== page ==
Linda in Northfield, Mensagenda Editor

About Mensagenda

Minnesota Mensa published Vol. I, No. 1 of our newsletter, then called the Minnesota Mensa, in June of 1965. Approaching six decades later and winning awards along the way, we continue to provide a monthly publication, now called Mensagenda.

As expected in a newsletter, we inform our local membership with organizational updates and provide details about our events. The real benefit is that, just like our events, Mensagenda is for our members, by our members.

The love of learning in Mensa is not just about supporting our scholarship but in enriching your own mind and sharing your knowledge, skills, and interests. Read articles and regular columns ranging from scientific explanations to humor in everyday life. Check out our members’ photography, drawing, painting, knitting and quilting, and crafting skills.

What would you like to share? Do you have expertise in a particular field of study or hobby? Want to express your opinion? Have you traveled recently? Do you write poetry? Can you create word games, numerical puzzles, or trivia questions? What could you say about…well, you get the picture.

Mensagenda is another way that Minnesota Mensa provides “a stimulating intellectual and social environment for its members.” What could you contribute if you joined Mensa?

 

There’s More to Read

Mensa membership provides access to the publications from other chapters, American Mensa, and Mensa International. Click here to learn more.

Featured Cover Art

Eagles. Photo by Marcia in San Antonio.

Featured Article

A Theory of Conspiracies by Cinda in Minneapolis

How many people does it take to make a conspiracy? No, wait. How many people does it take to make a successful conspiracy? This question has been on my mind lately after an acquaintance regaled me with a story I did not believe. In fact, I decided his story was a conspiracy theory rather than a true conspiracy (or even true story). What’s the difference between a conspiracy and a conspiracy theory?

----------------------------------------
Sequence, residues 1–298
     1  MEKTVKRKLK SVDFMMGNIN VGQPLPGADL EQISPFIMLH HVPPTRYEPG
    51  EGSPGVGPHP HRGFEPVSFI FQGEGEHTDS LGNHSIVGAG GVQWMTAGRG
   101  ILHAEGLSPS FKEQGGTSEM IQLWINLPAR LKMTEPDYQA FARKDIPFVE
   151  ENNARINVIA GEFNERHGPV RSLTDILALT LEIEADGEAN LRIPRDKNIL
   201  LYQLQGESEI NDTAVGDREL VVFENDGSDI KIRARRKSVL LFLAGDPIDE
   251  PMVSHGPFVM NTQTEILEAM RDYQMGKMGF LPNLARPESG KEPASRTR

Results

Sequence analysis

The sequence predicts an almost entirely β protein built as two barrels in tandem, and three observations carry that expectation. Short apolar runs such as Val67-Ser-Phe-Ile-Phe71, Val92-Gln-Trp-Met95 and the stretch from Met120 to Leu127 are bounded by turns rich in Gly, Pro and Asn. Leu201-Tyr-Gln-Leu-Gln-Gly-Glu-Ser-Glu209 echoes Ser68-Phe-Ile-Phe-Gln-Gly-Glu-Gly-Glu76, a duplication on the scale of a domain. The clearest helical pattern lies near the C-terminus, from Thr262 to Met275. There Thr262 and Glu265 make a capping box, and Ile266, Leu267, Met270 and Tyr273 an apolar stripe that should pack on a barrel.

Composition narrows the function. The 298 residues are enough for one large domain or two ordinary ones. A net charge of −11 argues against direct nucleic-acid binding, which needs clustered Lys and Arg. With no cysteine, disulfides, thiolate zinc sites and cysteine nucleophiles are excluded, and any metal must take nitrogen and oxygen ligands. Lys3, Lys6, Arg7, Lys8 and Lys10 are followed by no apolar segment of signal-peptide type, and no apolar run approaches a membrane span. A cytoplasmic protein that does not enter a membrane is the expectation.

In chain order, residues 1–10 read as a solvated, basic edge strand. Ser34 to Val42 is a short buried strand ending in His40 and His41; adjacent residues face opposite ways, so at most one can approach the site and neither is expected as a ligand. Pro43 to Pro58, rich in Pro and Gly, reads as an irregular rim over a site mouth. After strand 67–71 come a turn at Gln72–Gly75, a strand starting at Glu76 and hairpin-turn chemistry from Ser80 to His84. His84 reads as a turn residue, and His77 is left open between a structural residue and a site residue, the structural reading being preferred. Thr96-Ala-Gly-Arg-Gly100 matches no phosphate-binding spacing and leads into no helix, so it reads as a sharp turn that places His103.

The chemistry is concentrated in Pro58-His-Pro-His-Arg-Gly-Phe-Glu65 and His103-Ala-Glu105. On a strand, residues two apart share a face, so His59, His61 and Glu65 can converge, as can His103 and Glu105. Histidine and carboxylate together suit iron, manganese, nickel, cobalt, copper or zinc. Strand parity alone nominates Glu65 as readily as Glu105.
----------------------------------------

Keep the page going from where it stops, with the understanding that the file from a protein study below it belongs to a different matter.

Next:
I watch a lot of true crime TV, including Dateline, and conspiracies flourish among criminals on those shows. A common conspiracy, for example, involves a man or woman hiring someone to murder their spouse. Investigators collect hard evidence to prove the conspiracy and guilt of the conspirators. A conspiracy could be about anything: to libel someone, defraud a company, to rob a bank, to spy on a government, or sell weapons to terrorists.

A successful conspiracy depends on secrecy. Each person in the conspiracy must keep their mouths shut about it. As soon as someone says something, anything, the door has been opened for law enforcement to catch the conspirators. The movie Hell or High Water is a good example of a successful conspiracy. Two brothers scheme to rob banks and then launder the stolen money at a casino to help one brother pay off the mortgage on his ranch. The bank is threatening to foreclose on the ranch. Both brothers are angry and really want to stick it to the bank manager. Evidence from the bank robberies implicate the brothers but there’s no hard evidence against them. One of them would have to confess. Two Texas Rangers are on their trail, but neither brother talks. They keep their conspiracy secret. As a result, it’s successful.